rehab costs are underestimated, and sh*t happens - Posted by Jim

Posted by Jim FL on February 05, 2004 at 22:51:22:

Not sure by what you mean explain rehab costs.
The house needed a lot, mostly cosmetic admittedly, but it looked awful.
Drywall, carpet, tile, one semi-finished remodel job, done ALL wrong, needing tear out, and redone.
A rear patio overhang torn off, some cielings had to be replaced, because the previous owner tried to scrape off the texture coat, with what looked like a crow bar, damaging the drywall BAD.
Light fixtures, window pains, fixtures like toilets, faucets, pretty much stuff that made the house look all new and shiny when completed.
However, most of the way thru, the newly semi-remodeled kitchen, and some other areas, suffered water damage which meant we had to replace the new stuff just placed in.
This of course took time.
Basically, imagine getting a house all spruced up, almost done, and having water sitting in an attic for days, then dropping thru the drywall, which was of course, new and just primed and painted, as well as a light fixture in each room that fell and broke.
Sure, insurance might have covered it, but frankly, making a claim on a house we were trying to sell would not have been prudent, with rates where they are.
I’d hate to stick a new buyer with a house that costs more, thanks to my claim.

Anyway, hope that is what you were looking for.
Along side all that, holding costs, and commission to an agent, who happened to bring along the end buyer who was ready to go.
Not a bad deal by any means, just less than expected.

Thank goodness for buying right in the first place.
That is the best advice anyone can give.

Take care,
Jim FL

rehab costs are underestimated, and sh*t happens - Posted by Jim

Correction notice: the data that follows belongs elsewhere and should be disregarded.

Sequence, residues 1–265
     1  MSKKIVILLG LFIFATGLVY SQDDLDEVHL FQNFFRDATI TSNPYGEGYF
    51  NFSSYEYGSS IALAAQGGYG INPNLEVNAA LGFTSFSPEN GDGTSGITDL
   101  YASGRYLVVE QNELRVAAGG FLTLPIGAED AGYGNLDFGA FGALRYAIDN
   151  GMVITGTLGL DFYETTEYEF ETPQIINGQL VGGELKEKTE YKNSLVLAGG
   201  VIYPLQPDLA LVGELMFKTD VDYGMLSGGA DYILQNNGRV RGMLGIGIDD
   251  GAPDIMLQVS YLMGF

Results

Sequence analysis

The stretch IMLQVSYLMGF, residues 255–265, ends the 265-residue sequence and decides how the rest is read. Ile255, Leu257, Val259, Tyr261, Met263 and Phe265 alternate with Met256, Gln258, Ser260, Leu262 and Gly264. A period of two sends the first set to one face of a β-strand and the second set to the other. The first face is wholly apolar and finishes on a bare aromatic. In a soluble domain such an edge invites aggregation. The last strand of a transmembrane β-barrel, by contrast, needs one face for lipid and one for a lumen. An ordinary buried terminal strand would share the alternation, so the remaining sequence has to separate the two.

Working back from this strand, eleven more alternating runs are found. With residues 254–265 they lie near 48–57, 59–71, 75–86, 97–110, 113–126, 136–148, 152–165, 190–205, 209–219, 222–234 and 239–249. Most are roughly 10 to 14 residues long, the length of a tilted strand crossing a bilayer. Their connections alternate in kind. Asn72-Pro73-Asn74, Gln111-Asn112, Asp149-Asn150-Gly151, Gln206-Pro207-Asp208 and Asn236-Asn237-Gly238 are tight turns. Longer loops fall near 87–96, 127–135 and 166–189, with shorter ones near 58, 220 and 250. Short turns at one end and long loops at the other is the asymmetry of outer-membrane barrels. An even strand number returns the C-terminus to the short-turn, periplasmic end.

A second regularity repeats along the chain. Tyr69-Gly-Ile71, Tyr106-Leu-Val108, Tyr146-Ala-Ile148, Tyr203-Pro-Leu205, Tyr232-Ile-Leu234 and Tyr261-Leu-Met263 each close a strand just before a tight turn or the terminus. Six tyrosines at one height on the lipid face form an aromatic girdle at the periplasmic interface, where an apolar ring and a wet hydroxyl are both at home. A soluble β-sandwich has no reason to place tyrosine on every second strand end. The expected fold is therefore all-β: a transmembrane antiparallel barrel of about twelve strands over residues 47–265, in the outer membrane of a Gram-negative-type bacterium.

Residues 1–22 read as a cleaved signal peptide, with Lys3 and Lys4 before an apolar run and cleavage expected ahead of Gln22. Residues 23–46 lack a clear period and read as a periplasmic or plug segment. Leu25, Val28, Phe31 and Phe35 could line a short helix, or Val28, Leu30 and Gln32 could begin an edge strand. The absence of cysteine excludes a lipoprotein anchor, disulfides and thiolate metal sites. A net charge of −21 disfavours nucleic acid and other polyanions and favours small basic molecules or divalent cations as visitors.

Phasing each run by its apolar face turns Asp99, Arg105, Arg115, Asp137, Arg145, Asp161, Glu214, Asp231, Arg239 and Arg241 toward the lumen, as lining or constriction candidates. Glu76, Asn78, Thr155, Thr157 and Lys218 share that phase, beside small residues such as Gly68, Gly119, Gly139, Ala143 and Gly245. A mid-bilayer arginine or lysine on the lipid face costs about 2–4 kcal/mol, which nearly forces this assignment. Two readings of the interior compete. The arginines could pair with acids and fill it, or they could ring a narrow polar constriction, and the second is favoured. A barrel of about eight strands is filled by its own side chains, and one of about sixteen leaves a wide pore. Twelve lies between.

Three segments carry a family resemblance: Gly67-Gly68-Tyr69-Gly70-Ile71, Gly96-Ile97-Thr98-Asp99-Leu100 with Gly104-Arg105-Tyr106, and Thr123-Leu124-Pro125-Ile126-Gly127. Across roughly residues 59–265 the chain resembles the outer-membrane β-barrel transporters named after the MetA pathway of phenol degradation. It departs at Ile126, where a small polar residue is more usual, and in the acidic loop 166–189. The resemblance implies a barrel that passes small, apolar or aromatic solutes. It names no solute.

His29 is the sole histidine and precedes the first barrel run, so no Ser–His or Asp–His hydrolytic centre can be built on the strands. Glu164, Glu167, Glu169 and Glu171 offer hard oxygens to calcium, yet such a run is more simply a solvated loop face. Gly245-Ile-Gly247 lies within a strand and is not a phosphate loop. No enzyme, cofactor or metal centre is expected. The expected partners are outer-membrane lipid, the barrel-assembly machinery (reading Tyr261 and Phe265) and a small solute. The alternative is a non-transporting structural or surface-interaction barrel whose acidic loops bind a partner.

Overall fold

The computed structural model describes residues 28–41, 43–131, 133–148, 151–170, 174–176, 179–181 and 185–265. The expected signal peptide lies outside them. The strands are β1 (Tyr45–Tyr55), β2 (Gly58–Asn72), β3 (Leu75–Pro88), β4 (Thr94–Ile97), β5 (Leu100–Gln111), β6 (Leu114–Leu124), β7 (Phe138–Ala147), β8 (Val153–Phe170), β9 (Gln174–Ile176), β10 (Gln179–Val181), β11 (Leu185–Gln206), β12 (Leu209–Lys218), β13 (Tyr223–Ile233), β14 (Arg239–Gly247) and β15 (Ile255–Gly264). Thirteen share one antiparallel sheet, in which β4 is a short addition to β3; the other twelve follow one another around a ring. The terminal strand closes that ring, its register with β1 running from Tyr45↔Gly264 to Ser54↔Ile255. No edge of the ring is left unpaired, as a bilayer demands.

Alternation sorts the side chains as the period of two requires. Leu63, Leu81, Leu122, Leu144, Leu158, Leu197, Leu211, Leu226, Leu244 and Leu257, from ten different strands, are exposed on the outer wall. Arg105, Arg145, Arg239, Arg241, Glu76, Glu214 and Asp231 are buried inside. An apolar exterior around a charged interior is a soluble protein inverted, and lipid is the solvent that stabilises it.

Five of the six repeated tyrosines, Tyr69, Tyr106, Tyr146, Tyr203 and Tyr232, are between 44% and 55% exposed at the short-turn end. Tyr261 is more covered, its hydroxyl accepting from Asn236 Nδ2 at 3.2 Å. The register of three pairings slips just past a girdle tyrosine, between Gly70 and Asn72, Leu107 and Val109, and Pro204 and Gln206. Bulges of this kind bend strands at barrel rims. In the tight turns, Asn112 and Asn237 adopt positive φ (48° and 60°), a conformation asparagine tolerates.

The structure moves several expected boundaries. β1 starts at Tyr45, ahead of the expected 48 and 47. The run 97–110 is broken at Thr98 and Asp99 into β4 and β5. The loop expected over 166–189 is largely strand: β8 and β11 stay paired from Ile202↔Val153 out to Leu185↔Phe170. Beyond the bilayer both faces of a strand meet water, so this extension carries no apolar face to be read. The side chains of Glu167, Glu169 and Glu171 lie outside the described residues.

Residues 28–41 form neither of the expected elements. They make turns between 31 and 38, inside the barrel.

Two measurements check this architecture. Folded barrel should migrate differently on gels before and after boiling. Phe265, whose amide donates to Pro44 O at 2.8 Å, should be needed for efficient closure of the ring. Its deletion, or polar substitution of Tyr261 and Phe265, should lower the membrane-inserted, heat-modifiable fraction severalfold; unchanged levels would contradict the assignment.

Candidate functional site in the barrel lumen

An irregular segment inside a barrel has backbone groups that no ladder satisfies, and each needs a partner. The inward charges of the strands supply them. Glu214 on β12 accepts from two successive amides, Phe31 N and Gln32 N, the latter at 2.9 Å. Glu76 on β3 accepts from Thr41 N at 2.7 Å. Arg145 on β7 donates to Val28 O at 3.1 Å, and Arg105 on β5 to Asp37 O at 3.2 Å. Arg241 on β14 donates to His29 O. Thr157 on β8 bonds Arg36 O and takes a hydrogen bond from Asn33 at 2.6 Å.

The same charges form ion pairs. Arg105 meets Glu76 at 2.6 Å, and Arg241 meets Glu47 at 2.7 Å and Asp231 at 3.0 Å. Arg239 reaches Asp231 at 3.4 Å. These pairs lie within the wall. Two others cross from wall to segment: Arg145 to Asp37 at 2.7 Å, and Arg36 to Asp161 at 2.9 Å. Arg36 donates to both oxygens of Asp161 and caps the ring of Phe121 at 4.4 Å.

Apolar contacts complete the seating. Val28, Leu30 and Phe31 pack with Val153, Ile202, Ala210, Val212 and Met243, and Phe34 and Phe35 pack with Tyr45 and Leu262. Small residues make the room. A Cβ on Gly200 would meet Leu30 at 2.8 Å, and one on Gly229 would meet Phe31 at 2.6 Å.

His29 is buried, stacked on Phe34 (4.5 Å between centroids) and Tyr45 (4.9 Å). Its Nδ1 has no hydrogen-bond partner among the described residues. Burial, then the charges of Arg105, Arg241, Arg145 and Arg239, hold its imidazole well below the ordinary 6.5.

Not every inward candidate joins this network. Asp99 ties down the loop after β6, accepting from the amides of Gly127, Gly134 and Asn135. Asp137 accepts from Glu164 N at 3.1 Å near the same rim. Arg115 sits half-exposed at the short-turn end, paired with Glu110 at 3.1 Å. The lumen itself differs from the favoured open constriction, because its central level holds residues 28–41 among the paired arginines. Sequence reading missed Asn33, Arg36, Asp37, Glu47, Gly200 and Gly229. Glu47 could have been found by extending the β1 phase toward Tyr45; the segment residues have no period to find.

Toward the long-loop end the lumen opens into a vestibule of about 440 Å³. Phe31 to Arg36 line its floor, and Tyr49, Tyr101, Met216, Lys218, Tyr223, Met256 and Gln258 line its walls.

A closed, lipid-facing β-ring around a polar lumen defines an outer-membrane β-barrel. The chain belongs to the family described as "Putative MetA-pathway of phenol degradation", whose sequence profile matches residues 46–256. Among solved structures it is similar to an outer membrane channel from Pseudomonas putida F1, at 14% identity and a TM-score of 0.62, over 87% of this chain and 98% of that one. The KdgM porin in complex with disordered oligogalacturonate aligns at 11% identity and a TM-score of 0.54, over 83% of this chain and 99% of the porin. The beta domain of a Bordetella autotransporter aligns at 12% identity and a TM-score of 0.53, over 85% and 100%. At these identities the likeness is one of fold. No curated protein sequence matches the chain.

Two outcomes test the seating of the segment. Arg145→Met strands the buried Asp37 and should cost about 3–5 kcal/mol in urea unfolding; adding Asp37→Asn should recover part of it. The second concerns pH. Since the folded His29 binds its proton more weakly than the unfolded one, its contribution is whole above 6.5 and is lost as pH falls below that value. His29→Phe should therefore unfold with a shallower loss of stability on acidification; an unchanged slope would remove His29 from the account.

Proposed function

Posted by Jim on February 05, 2004 at 20:15:50:

I hear this a lot can you share your experiance when and what happened to you in a rehab gone bad?

Re: rehab costs,sh*t happens - Posted by jasonrei

Posted by jasonrei on February 06, 2004 at 18:10:02:

Can’t say I’ve underestimated so much as to kill a nice deal.

Have one right now that had termite damage. I knew it did. Miscalculated the extent. Saw the termites on some interior decking (slab house). Gutted the bathroom and kitchen (because the sheetrock was kinda crappy) and SURPRISE- infestation! The buggers had gone up the studs and devastated the headers in most of the house. Left the studs,footers, and joists pretty much alone, but went to TOWN on the headers. That meant having to tear down a lot of sheetrock to fix things the right way, and replacing a bunch of lumber- not cheap. Anyway, we’d budgeted $17-20k. Got a really good deal on framing, sheetrock, and paint; good enough that it absorbed the extra termite outlay.

Typically, we estimate pretty well. If we’re under, it usually balances out with underestimating resale. No really costly surprises. Little ones that have crept up here and there include:
drains that required a pro to unclog
houses that have aluminum wiring and needing to put in special twists, outlets, and switches
wishfully thinking the existing electrical panel was big enough to handle improvements

Oh, here’s one that got us a few times before we FINALLY learned better:
trying to patch up old kitchen cabinets. We’d paint em and make a couple of repairs. Still they wouldn’t look right, so we’d tear them out and put in new. It’s much cheaper to put in new ones to start. It takes a bit of labor to prep ugly cabinets and paint them right. We still patch up and paint a lot of our cabinets, but where we used to do that 90% of the time, we’re now replacing 75% of the time.

Re: rehab costs are underestimated - Posted by Jim FL

Posted by Jim FL on February 05, 2004 at 20:52:09: